The Oscar's New Diversity Requirements: What Do They Mean for Representation in Hollywood?

In response to complaints about a lack of diversity, the Oscars has released new guidelines in an attempt to promote representation in Hollywood; however, many have criticized these standards for being a 'publicity stunt'

In 2015, the Oscars came under fire for its lack of diversity, with the social media hashtag #OscarsSoWhite trending across social media. Now, in 2020, it seems the Oscars Academy has finally decided to implement standards designed to increase representation in Hollywood, in response to the newly-energized Black Lives Matter movement and push for greater inclusivity in every area of society. 

On September 8th, the Academy released their representation and inclusion standards for the Best Motion picture category. Beginning in 2024, in order for a movie to be eligible for Best Picture, movies must include individuals from underrepresented groups in two of the following four categories: on-screen representation, themes, and narratives, creative leadership and project team, industry access and opportunities, and audience development. The ultimate goal? To ensure more diversity both in front of and behind the screen. But is this an effective solution?

As soon as the new standards were announced, criticism from all sides of the aisle arose. Some actors and directors along with the right wing news media were quick to condemn the new requirements as serving as a restriction on the creation of art. In a since deleted tweet, actress Kirstie Alley wrote “Can you imagine telling Picasso what had to be in his f**king paintings. You people have lost your minds. Control artists, control individual thought .. OSCAR ORWELL.” While she later apologized for the tweet saying that it was poorly worded and did not reflect her intention, many others shared her general sentiment. Was this indeed a limit on creative expression?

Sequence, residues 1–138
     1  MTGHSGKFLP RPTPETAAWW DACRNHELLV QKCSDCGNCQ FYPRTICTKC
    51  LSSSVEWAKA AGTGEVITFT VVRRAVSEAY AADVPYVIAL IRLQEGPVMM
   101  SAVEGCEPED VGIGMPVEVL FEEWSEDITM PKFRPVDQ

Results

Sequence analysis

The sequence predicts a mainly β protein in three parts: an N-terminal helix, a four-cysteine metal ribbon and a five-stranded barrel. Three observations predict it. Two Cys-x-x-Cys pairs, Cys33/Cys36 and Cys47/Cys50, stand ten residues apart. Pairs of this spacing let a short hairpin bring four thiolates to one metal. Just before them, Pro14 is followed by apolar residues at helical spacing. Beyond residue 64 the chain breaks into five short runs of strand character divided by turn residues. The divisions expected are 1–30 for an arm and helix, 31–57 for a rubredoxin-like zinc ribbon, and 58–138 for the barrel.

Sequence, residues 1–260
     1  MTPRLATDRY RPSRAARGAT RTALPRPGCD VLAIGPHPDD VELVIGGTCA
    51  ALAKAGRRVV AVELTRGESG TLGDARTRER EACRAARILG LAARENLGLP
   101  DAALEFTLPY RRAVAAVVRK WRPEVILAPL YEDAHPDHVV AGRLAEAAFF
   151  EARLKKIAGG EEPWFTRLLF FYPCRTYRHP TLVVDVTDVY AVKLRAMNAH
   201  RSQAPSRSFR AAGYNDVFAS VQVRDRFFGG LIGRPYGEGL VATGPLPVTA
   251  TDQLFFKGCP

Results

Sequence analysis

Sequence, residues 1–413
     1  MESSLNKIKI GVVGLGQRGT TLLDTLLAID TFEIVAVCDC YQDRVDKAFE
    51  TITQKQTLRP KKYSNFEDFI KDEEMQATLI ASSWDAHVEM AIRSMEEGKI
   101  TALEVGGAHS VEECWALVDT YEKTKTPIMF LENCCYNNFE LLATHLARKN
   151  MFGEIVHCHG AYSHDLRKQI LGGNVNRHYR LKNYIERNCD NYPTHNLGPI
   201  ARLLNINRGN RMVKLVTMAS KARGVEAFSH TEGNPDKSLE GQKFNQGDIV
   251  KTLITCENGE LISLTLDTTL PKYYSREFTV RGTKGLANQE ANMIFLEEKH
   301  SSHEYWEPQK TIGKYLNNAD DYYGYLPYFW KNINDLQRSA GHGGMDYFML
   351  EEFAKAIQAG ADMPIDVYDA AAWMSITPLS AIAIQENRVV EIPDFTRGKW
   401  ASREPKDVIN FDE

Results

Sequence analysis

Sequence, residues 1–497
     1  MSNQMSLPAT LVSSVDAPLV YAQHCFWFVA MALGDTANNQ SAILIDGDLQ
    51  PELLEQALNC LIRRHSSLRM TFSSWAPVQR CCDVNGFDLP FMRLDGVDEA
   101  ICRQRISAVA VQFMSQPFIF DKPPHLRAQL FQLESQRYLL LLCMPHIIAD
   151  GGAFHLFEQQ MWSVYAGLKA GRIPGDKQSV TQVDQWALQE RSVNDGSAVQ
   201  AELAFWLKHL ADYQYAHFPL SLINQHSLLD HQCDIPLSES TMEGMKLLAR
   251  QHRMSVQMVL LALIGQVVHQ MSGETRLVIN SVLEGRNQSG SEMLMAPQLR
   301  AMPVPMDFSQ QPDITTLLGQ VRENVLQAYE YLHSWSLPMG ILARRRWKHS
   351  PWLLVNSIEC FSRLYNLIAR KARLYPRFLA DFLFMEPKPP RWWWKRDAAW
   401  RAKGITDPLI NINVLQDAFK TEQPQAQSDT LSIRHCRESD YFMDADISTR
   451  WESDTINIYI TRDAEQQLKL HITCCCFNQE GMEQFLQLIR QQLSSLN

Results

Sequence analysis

Others, on the other hand, pointed out that this was merely a publicity stunt at best and would not lead to real change as the Oscars Academy claimed. Indeed, if one takes a closer look, the truth is that these requirements are very broad. First of all, in order to qualify, a movie just has to qualify in two of the four categories for representation. In addition, “underrepresented groups” is an umbrella term that includes racial and ethnic groups, women, the LGBTQ+ community, and those with disabilities. This also raises the question of the overlap, such as a gay black actor or a disabled actress. Furthermore, Best Picture is only one category at the Oscars, which means that all other 23 categories are not required to meet these standards. The standards are simply a publicity stunt—the Washington Post points out that 73 percent of movies that have won in the Best Picture category would still qualify with no changes made in the year 2024, when these standards will go into effect. Thus, it is unlikely that these standards will lead to more diverse representation.

The Oscars are not the first to introduce diversity requirements—they follow in the shadow of the British Film Institute (BFI). Six years ago, the BFI was the first to introduce their own inclusivity requirements. They were initially met with similar backlash, but there has since been slight progress as their 2016-2019 report shows a genuine commitment to increasing diversity, indicating that perhaps there’s hope after all.

Ultimately the world will just have to wait and see what these standards do in terms of increasing diversity in 2024. As the Oscars Academy wrote in their official statement, these requirements are meant to better reflect the audience of moviegoers and the increasingly diverse world that we live in. Regardless of whether this is a publicity stunt or not, it is at least a first step towards representation for any and all people. Representation is important. As a Black woman, I know how much it means for me to see myself reflected on a movie screen and it is my sincerest hope that more will be able to share that feeling in the years to come. 

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